The connection our list focuses on has 24 pins or pin holes along with a big plus sign on one side that's surrounded by four additional pin holes or pins. Older DVI ports and cables may not have the plus sign on one side and won't work with most of the adapters on this list. They'll either have the plus sign and two pins or pinholes, or they may have a single slot instead of the plus.

Use your favorite search engine and find some images of display cables and ports to compare your connections to before you buy anything. We want you to make sure DVI is what you need before you waste a lot of time with the wrong hardware. It can be easy to confuse the different cables and ports if you don’t have a lot of experience with them.

The Best Displayport To DVI Adapters

This list contains a mix of passive and active adapters. In the past, active adapters require more parts to construct which usually increases their price. However, most adapters are easily affordable, so get an active adapter if you aren’t absolutely positive your device supports DP++. It may cost a few more dollars, but it will save you from the stress of trying to figure out why you can't get it to work.

StarTech Mini DisplayPort To DVI Adapter

252 Reviews Mini DisplayPort to DVI Adapter - Active Mini DisplayPort to DVI-D Adapter Converter - 1080p Video - mDP or Thunderbolt 1/2 Mac/PC to DVI Monitor Dongle, mDP to DVI Single-Link (MDP2DVIS)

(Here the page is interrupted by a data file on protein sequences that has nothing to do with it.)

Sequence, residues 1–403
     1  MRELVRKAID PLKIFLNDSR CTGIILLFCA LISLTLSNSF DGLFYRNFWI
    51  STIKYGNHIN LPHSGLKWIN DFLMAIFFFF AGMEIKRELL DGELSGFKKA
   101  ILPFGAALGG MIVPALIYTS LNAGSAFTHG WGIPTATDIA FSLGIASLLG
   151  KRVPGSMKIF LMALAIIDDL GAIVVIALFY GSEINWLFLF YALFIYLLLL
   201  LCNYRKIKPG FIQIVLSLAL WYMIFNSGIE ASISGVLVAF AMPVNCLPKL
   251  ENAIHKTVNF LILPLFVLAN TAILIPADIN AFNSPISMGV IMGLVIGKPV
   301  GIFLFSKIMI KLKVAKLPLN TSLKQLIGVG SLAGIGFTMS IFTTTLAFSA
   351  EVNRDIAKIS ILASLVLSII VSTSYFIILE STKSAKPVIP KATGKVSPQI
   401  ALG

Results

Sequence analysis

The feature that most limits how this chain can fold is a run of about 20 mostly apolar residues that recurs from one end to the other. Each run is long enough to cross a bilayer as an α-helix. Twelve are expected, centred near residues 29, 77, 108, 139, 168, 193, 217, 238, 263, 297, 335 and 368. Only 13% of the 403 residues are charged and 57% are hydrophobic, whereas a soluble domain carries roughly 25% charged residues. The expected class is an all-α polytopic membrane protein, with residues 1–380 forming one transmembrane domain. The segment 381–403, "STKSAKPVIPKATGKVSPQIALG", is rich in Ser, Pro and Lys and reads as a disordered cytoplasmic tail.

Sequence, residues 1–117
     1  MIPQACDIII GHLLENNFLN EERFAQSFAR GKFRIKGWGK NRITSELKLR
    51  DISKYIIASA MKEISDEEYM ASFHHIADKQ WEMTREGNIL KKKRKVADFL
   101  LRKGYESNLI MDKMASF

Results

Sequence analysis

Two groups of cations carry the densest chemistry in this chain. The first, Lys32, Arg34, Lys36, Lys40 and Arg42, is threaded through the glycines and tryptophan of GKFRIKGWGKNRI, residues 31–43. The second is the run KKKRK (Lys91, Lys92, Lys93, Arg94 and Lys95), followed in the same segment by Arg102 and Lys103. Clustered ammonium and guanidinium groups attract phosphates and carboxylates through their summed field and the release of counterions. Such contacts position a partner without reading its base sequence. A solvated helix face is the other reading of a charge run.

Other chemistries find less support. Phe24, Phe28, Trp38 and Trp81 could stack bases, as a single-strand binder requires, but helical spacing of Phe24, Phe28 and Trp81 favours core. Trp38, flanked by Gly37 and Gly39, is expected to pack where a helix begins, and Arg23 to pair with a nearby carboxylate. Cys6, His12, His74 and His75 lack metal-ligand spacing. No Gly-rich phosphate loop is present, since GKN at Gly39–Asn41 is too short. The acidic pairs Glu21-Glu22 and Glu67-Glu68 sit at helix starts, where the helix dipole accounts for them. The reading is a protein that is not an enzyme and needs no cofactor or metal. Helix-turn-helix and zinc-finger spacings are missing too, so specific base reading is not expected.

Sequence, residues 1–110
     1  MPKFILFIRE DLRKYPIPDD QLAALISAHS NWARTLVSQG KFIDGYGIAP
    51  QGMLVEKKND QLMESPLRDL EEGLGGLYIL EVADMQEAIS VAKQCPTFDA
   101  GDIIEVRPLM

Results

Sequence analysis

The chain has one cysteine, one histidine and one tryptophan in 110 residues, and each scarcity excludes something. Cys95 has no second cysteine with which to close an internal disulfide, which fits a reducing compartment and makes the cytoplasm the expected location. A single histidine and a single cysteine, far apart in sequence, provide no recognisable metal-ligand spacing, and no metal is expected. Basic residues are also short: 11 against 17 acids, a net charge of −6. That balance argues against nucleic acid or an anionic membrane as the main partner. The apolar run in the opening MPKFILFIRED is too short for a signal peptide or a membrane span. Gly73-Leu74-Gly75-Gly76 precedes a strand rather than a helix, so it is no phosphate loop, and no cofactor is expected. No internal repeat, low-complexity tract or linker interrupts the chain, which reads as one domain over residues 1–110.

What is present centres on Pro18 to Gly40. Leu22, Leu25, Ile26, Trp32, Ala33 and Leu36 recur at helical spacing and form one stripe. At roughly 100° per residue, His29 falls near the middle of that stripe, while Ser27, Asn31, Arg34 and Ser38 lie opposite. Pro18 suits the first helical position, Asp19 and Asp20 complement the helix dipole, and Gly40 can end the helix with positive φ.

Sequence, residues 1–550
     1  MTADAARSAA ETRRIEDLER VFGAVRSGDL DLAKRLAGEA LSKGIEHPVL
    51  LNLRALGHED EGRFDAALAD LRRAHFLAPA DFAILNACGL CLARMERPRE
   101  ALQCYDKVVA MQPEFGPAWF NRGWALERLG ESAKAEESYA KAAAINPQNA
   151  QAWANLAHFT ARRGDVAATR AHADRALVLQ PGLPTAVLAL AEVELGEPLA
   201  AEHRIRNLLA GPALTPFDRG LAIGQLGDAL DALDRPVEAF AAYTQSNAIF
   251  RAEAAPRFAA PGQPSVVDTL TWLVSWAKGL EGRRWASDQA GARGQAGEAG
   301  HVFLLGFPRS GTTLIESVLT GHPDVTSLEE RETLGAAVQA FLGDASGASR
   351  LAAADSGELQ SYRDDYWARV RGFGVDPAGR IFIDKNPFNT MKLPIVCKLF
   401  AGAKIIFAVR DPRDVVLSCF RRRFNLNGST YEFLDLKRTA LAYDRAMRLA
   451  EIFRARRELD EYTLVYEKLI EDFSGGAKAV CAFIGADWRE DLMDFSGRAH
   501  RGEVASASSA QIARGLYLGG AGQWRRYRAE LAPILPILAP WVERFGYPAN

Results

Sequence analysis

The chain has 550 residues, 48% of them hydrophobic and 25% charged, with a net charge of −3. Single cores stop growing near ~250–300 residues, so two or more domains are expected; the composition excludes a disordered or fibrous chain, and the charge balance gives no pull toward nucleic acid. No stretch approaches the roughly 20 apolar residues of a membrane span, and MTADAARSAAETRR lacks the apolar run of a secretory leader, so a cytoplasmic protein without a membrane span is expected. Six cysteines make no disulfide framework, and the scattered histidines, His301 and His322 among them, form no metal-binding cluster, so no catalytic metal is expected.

• ACTIVE MINI DISPLAYPORT TO DVI ADAPTER: Mini DisplayPort 1.2 (HBR2) to DVI-D (digital only)...
  • HOST COMPATIBILITY: Active video converter supports mDP/mDP++ source including Thunderbolt 1 & 2...
  • INCREASE PRODUCITIVTY: Connect a DVI monitor or projector, or add a second display to your...
  • SCREW LOCKING DVI: Mini DisplayPort to DVI display adapter supports DVI screw locking cable to...
  • EASY TO USE: With no software or drivers required, the Mini DP to DVI converter works with any OS...

Last update on 2021-10-20 at 10:10 / Affiliate links / Images / Prices / from Amazon Product Advertising API

You can order this Displayport to DVI adapter on Amazon for $10.67. It supports 1080p resolution and DP++ along with Intel’s Thunderbolt technology. It supports a maximum resolution of 1920 x 1200. It’s a passive adapter, so make sure your device supports DP++ before you purchase this one. It’s a bargain for the price and works with any device that has a mini Displayport.

Rankie Mini Displayport To DVI Adapter

3,351 Reviews
Rankie Mini DisplayPort (Mini DP) to DVI Cable, Thunderbolt Port Compatible, Gold Plated, 6 Feet